M. Zuhdi Jasser, M.D., president of the non-profit American Islamic Forum for Democracy told Edge on Monday, “Muslims cannot benefit from freedom of expression and religion and then turn around and ask that anytime their sensibilities are offended that the freedom of others be restricted.

“The free market allows for expression of disfavor by simply not purchasing a game that may be offensive.”

Jasser, who has also appeared on CNN, in the Washington Times and National Review, said that not only does the First Amendment support freedom of expression, but Mohammed also “defended the rights of his enemies to critique him in any way even if it was offensive to his own Islamic sensibilities or respect for Koranic scripture.”

[…] Jasser said that the demand to censor, as well as Sony’s willingness to bend at the request, is counterproductive to freedom of speech.

“…To demand that [the game] be withdrawn is predicated on a society which gives theocrats who wish to control speech far more value than the central principle of freedom of expression upon which the very practice and freedom of religion is based.”

Jasser added, “The fact that the music writer is a devout Muslim should highlight that at the core of this issue is not about offending ‘all Muslims,’ but only about freedom of expression and the free market.”

He still said that he does not endorse the use of Koranic verses in non-educational videogames, calling the literature “the words of God.”

But he took a clear stance in upholding First Amendment rights.

“AIFD stands against any form of censorship in the marketplace of ideas whether imposed by government or by corporations intimidated by the response of militants or those with an inappropriately sensitive level of political correctness,” Jasser said.

Needless to say, I agree with him. I can totally understand why Sony opted to play it safe, but I still think they should have kept the song. I also think we need more Muslims standing up and saying things like Mr. Jasser here.

Sony delays launch of “LittleBigPlanet” due to song with versus from Qur’an in it.

Apparently it’s considered offensive to Muslims to put passages of the Qur’an to music. One track licensed for the game has two lines straight from the holy text as lyrics so Sony decided to delay LBP’s release so they could remove the song:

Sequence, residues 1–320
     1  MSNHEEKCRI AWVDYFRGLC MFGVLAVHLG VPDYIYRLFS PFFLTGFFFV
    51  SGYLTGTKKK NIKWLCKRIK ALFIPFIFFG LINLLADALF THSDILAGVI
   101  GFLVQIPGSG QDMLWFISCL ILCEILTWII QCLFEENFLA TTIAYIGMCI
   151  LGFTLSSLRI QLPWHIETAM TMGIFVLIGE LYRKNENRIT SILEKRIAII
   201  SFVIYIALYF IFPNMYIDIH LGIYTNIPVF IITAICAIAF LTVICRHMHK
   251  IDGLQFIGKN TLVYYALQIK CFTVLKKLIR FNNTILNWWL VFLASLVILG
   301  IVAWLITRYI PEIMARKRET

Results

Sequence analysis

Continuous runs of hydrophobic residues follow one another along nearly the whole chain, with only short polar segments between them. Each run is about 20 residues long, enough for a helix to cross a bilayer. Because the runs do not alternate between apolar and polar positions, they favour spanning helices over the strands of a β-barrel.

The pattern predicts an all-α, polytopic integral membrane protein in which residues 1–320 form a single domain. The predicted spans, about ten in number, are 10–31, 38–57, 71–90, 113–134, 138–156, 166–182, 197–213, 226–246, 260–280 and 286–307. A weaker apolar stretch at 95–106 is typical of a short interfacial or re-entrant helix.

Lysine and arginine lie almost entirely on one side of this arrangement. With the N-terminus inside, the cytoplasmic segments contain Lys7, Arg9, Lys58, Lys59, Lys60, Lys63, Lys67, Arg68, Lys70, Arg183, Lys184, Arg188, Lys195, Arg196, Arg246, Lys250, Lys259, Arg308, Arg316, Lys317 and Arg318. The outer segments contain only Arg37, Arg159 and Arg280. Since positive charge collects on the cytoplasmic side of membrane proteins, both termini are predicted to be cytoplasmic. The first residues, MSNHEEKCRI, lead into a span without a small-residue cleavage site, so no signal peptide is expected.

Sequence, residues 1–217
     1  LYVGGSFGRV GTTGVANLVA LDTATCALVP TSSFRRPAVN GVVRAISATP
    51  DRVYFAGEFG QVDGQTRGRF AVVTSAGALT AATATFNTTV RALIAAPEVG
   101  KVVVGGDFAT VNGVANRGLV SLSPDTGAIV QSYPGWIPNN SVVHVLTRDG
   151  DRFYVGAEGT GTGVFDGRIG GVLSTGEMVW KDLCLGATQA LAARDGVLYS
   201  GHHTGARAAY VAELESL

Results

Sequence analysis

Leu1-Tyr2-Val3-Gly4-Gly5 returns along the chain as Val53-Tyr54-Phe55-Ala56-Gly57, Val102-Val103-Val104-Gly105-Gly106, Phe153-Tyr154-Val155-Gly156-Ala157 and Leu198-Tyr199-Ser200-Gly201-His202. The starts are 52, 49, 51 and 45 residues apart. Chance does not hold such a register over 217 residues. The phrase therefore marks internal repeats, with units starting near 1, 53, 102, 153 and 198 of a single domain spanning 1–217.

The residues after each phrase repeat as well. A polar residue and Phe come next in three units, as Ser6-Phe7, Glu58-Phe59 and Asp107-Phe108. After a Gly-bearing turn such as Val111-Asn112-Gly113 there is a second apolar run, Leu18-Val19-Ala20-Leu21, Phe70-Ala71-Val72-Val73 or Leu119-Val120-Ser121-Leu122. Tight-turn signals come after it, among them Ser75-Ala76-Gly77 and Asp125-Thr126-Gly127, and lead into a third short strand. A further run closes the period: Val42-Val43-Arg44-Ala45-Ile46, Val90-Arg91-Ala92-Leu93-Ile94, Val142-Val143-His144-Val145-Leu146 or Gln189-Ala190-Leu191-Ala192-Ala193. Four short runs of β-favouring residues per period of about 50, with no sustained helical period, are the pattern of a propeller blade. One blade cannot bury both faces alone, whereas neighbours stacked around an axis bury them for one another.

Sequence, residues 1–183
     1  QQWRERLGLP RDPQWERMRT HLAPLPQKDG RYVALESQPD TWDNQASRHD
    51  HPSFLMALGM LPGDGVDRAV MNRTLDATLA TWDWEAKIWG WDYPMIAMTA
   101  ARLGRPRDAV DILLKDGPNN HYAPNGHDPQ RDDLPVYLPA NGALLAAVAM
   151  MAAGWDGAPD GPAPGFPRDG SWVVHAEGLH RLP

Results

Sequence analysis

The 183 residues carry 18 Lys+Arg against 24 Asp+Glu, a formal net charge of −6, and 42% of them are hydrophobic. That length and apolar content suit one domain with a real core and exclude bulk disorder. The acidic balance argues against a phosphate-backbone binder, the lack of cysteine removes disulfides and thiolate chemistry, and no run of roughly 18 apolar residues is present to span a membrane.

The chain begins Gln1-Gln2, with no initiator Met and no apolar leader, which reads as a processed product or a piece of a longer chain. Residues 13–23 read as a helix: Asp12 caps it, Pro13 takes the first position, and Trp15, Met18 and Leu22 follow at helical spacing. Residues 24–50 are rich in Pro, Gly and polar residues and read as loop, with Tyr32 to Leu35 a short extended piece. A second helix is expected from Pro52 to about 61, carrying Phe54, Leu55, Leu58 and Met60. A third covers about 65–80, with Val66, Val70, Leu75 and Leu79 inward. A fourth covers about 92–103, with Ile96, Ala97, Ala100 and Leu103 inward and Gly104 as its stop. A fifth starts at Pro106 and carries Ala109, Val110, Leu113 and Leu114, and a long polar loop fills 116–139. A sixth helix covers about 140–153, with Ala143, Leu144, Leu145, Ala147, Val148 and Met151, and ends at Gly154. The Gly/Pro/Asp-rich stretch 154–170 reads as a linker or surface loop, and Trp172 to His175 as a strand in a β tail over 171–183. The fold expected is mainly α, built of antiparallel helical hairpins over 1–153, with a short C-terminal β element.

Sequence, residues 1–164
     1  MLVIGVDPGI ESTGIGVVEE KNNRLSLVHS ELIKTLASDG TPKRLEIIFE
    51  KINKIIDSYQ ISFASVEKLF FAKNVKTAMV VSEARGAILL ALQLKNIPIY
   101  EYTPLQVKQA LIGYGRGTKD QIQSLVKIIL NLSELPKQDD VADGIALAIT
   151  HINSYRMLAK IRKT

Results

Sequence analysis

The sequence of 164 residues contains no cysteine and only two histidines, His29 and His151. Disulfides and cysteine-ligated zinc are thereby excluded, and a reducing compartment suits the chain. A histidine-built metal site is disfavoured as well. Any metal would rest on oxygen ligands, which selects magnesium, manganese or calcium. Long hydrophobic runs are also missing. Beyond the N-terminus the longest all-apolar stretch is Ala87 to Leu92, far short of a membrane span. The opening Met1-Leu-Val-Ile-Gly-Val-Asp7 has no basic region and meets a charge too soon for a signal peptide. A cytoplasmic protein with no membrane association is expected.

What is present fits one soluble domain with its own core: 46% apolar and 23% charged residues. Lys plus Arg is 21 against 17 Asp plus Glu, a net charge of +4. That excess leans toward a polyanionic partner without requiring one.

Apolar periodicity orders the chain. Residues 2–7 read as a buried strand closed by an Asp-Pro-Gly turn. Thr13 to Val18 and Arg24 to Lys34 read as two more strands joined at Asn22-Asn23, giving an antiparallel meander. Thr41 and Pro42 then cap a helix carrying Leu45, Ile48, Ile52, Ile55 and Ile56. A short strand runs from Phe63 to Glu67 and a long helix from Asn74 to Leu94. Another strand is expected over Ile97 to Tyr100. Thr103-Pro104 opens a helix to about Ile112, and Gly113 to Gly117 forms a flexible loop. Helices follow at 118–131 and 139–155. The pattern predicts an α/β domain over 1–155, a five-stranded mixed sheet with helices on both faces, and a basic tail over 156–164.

During the review process prior to the release of LittleBigPlanet, it has been brought to our attention that one of the background music tracks licensed from a record label for use in the game contains two expressions that can be found in the Qur’an. We have taken immediate action to rectify this and we sincerely apologize for any offense that this may have caused.

We will begin shipping LittleBigPlanet to retail in North America the week of October 27th. Sorry for the delay, and rest assured, we are doing everything we can to get LittleBigPlanet to you as soon as possible.

Needless to say I find this silly, but it’s probably in Sony’s better interests to cover their ass and avoid the controversy that would otherwise result. The song itself is Tapha Niang by Toumani Diabate and can be heard on his MySpace page if you’re curious. I thought it was rather pleasant myself.

When people deluded by religion collide.

You get video clips like this one of a street preacher who calls a passing Muslim woman ignorant (the irony alone is worth watching the video for) and then goes on to say “Mohammad was a pedophile.” The Muslim woman hauls off and slugs the street preacher and then shouts out “Don’t talk about my prophet! I’ll kill you!” Check it:

Hemant over at The Friendly Atheist asks who’s in the wrong here?

So, be honest: What was your reaction to that?

  • I’m gonna just step back and let this thing play out…
  • The preacher was right about his take on Islam.
  • The girl was provoked and did the right thing.
  • The preacher was trying to provoke violence and got what he deserved.
  • I am so glad I’m an atheist.

Something else entirely?

My initial reaction is to pull up a chair and grab a bowl of popcorn ‘cause this could be very entertaining indeed. There’s a certain guilty pleasure in watching two people argue over which pretend God/Prophet is real. I will say that it doesn’t do the image of Islam any favors to have the Muslim woman react in the manner she did – religion of peace and love my ass – but it’s not like the Christians don’t have anything to answer for as well.  The only thing that really concerns me about this video, however, is that both of those people can vote in the next election.